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18 December 2010, 12:00

The H Week - a busy week for Google, H.264 Firefox add-on & a back door for the FBI

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The H featured several stories about Google this week ranging from new releases and updates, to Richard Stallman's criticism of Chrome in a national newspaper and questions over poor results in a malware detection test. Although Mozilla has declared it is ideologically opposed to H.264, Microsoft released a Firefox Add-on that enables H.264 playback on Windows 7 systems. Huge numbers of passwords were published after an attack on Gawker servers and OpenBSD programmers were accused of installing a back door for the FBI.


This week in his Completely Protected feature Juergen Schmidt explained how to combine and manage free anti-malware components to protect a Windows system and we published Part 3 of our Kernel Log series on the 2.6.37 Linux kernel.

Open Source

There was quite a bit of Google related news this week; the Android Market received a new look with an update, TedT'so announced that Android 2.3 will use the Ext4 file system and Google announced Apache Extras – a portal for Apache related projects that don't strictly conform to the Apache Foundations project requirements. Speaking to the Guardian newspaper Richard Stallman criticised Chrome OS for encouraging careless computing, two Google developments became Eclipse projects and App Inventor went on general release.

Microsoft responded to the interest in its Kinect device and released some open drivers. Although Mozilla may have refused to support the proprietary H.264 video codec, Microsoft released an H.264 Add-on for Firefox running on Windows 7.

The Business Intelligence application Palo gained the ability to utilise Amazon cloud GPU clusters. Embedded Linux received a boost when the CE Linux Forum announced a sponsorship program for project proposals. Another legal battle over Java licensing broke out, with Oracle suing the Myriad Group for unauthorised use of Java while Myriad sued Oracle for charging unreasonable licence fees.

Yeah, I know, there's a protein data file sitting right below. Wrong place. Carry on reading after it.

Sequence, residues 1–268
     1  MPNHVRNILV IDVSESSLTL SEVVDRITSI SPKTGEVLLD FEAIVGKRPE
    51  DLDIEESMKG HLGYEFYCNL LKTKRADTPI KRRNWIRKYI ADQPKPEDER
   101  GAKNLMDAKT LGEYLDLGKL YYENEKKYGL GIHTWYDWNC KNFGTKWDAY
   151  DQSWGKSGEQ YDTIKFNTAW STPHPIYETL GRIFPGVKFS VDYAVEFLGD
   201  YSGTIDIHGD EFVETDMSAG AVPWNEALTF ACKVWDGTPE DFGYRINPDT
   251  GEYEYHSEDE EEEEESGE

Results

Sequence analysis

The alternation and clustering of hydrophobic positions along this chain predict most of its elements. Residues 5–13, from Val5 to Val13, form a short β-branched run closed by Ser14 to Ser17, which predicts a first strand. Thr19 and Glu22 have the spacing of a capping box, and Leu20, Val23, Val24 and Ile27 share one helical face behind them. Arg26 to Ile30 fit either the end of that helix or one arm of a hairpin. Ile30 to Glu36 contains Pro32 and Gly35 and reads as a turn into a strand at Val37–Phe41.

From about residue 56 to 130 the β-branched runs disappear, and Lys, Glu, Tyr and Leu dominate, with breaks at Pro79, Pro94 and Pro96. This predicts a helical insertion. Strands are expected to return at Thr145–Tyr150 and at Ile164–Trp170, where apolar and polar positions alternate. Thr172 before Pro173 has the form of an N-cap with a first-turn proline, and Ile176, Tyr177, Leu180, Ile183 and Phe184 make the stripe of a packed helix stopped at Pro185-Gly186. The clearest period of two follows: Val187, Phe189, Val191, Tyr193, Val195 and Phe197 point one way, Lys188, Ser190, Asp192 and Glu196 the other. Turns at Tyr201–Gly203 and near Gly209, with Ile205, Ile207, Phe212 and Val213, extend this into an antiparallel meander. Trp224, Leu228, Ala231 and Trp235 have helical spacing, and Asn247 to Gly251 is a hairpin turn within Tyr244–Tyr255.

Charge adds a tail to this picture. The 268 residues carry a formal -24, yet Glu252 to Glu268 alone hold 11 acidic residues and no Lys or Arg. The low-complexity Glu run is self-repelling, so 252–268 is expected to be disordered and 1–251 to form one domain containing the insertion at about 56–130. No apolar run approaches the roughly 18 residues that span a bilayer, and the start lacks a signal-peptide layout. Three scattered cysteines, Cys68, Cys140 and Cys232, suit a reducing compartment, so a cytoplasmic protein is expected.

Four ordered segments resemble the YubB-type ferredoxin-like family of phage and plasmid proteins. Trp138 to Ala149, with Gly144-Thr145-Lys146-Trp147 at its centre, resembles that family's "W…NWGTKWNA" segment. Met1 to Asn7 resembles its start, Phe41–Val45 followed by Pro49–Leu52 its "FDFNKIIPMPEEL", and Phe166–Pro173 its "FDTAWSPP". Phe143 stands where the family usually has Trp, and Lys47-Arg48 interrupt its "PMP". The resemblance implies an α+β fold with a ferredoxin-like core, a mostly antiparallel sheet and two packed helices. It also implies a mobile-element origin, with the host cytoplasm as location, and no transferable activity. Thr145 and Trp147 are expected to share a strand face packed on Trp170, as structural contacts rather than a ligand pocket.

Open source releases


A break in at the Gawker blogging site resulted in the publication of a very large number of passwords and a subsequent analysis of the password data showed a surprisingly high number of people still choose very simple and easily guessed passwords.

A scandal emerged when it was claimed that various developers had accepted payment by the FBI to insert a back door into the OpenBSD IPSec stack. An experimental tool called HeapLocker promises to compete with Microsoft's EMET and an exploit that runs on SmartCards was announced.

In further Google related news, Google and Microsoft web sites fell prey to a simple trick and as a result briefly distributed malware laden advertising banners to other sites. Google released updates for the Chrome browser into its Beta and Dev channels and questioned the results of tests that appeared to show Chrome has very poor threat detection.

Security Alerts

To see all last week's news see The H's last seven days of news and to keep up with The H, subscribe to the RSS feed, or follow honlinenews on Twitter. You can follow The H's own tweeting on Twitter as honline.


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